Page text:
Insulation help

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Forum topic by cruise posted 02-18-2009 06:10 PM 683 views 0 times favorited 2 replies Add to Favorites Watch
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2 posts in 2808 days

02-18-2009 06:10 PM

I have an old barn that was covered with metal due to the rotting wood. I now want to insulate the barn and line the inside of it with plywood. I have no construction experience but would like to do this on my own. So any help would be nice.

What type of insulatuion would work the best? Was thinking of using fiberglass.
How many mils should the vapor barrier be? And ithe barrier does go between the inulation and plywood right?

The barn is going to be used to shelter our horses and store things. At the time we do not plan on heating it.

Thanks for any info.

2 replies so far

View Waldschrat's profile


505 posts in 2859 days

#1 posted 02-18-2009 07:00 PM

Did you repair the rotted wood yet? Just make sure that the metal covering has fixed the leak. Once moisture has started rotting the wood, it would be wise to replace what ever was rotting… molding can or may still take place once it has started even if the wood has 12 percent moisture (depending on the humidity of where you live and the outside temps, and molds that can appear in your area, here I understand they are different and so I am speaking of what we have here). Normally for wood drying once it has reached the 20 % and below it is safe. So once it is dry it is out of the danger of getting rotted (sounds logical right?)

Insulation… The fibre glas insulation is good, I have also seen people here enclose their houses with styropor which I guess you guys call styrofoam. More economical fibreglas rolls are just that more economical, but they are generally open on one side so the fibres itch like crazy, but it is, in my opinion, a bit easier to work with because it stuffs easier and must not pass or cut as accurately as the foam. Foam is good too, i mean, just put your hand on a piece and see how much heat it reflects or holds in, it feel instantly warm. so it works well too… I have a chart in front of me with a ton of different building materials and looking at in general the styrofoam, or polystyrol, and different variations, all about average out a better per mm than the Fibreglas or Stonefibre roll insulation material.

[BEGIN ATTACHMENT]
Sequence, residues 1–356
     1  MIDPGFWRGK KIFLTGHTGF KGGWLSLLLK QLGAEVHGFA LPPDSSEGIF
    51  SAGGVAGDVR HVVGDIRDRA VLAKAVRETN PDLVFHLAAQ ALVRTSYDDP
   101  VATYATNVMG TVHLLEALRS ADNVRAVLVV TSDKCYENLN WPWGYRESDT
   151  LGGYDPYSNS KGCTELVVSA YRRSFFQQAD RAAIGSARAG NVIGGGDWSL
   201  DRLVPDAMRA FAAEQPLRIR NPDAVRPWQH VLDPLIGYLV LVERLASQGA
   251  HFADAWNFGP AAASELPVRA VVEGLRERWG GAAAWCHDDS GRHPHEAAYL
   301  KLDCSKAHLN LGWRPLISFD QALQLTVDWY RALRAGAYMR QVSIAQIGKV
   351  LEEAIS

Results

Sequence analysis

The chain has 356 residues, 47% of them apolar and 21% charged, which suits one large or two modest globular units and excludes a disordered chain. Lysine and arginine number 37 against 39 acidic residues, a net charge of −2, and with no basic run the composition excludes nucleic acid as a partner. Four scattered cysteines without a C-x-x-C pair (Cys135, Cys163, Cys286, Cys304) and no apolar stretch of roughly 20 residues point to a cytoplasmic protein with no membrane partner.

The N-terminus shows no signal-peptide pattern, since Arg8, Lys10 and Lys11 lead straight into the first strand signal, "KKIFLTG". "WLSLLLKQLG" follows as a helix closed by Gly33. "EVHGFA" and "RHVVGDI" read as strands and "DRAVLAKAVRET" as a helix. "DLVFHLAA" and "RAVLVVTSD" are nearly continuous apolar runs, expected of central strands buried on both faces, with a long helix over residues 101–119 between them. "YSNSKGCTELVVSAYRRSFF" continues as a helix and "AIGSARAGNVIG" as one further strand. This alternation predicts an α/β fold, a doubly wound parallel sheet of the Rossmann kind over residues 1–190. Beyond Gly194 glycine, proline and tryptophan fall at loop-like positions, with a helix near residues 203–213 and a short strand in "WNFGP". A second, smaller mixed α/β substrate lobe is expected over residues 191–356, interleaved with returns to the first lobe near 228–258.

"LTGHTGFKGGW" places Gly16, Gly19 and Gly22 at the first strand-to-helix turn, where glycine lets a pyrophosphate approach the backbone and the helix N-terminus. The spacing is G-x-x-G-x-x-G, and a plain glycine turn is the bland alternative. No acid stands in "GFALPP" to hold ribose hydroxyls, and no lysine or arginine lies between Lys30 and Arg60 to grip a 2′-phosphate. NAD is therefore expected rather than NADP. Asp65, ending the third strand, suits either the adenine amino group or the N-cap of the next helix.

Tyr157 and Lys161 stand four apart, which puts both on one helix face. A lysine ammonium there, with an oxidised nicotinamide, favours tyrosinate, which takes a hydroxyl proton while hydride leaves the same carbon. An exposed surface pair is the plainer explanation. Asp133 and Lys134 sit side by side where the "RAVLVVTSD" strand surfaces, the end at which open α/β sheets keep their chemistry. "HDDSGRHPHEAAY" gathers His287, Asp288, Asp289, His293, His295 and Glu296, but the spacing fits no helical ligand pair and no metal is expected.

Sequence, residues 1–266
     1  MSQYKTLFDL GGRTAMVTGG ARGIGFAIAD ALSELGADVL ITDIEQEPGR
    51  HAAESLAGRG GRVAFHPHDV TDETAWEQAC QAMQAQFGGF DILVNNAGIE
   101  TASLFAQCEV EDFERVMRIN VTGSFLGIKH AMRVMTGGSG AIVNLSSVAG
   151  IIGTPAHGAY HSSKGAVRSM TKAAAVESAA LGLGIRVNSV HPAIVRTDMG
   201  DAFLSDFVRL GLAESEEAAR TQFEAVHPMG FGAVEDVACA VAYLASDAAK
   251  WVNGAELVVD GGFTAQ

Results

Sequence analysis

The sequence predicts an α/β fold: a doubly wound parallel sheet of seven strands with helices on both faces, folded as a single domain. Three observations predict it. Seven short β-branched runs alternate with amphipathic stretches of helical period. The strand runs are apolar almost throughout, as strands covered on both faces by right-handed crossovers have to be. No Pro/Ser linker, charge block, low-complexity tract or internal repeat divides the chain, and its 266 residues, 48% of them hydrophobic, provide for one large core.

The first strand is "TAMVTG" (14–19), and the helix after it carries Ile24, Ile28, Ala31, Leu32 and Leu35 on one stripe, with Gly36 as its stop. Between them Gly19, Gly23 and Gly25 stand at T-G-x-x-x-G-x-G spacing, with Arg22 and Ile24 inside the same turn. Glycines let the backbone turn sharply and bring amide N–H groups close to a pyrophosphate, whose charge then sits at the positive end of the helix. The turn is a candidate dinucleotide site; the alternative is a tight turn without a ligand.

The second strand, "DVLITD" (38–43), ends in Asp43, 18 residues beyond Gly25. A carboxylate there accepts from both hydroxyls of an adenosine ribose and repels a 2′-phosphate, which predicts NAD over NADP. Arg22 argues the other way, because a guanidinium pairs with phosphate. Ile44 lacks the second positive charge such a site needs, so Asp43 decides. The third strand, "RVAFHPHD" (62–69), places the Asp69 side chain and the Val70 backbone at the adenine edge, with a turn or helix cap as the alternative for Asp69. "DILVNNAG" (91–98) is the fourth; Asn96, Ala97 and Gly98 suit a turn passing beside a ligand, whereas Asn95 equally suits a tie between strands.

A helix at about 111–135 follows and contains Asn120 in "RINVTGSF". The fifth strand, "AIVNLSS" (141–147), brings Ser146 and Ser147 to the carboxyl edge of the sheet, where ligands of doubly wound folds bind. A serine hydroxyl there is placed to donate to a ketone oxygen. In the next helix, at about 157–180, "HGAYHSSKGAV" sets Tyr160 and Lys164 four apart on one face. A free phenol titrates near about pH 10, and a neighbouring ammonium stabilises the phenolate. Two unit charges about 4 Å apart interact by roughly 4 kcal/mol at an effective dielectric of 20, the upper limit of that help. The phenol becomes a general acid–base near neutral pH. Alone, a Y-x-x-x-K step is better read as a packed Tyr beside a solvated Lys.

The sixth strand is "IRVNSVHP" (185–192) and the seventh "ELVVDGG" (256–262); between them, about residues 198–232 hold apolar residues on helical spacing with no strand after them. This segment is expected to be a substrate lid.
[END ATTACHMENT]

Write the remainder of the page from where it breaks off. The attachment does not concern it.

If you are reall curious or anybody else, I have here formulas on how to calculate out the insulation values of your house walls, windows, doors, just about everything. Its not very hard to do just a little typing on the calculator and a little size measuring.

You are right, the moisture/vapor barrier should go between the insulation and the inside plywood that you will be installing to the inside. The reason for this is a rule we have here and that is “immer dichter innen wie aussen” which means “always sealed tighter (water/vapor tight) on the inside than on the outside, so moisture can come and go and the dew point is insidethe wall on the outside and so it does not occur underneath your sheetrock or plywood or on it, and start to mold, which is bad. But this only applies in winter when you have the inside heated. But since you are not heating at the moment it does not matter.

Now as far as many mills? Not sure what you have available there or what it costs, but making a estimate, I guess 4 or 5 mills ought to do the trick, not too thin or it is hard to work with and too thick is also not necessary, as moisture can not travel through plastic, no matter how thick it is… it is usually a cost factor.. the thicker it is the more it costs.

hoped this was helpful!

-- Nicholas, Cabinet/Furniture Maker, Blue Hill, Maine

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2 posts in 2808 days

#2 posted 02-19-2009 08:54 PM

Thanks for the info. I should have made myself more clear. The rotting wood from poor up keep over the years. The person we bought the farm from had placed metal on the roof, but did nothing to the sides. We replaced all the windows and resided the barn with metal. We were thinking of tearing it down. But a contractor came and looked at it and said with a solid foundation and a straight roof line it was worth fixing up. Which is what we did. Looks very nice on the outside, now it is time for the inside.

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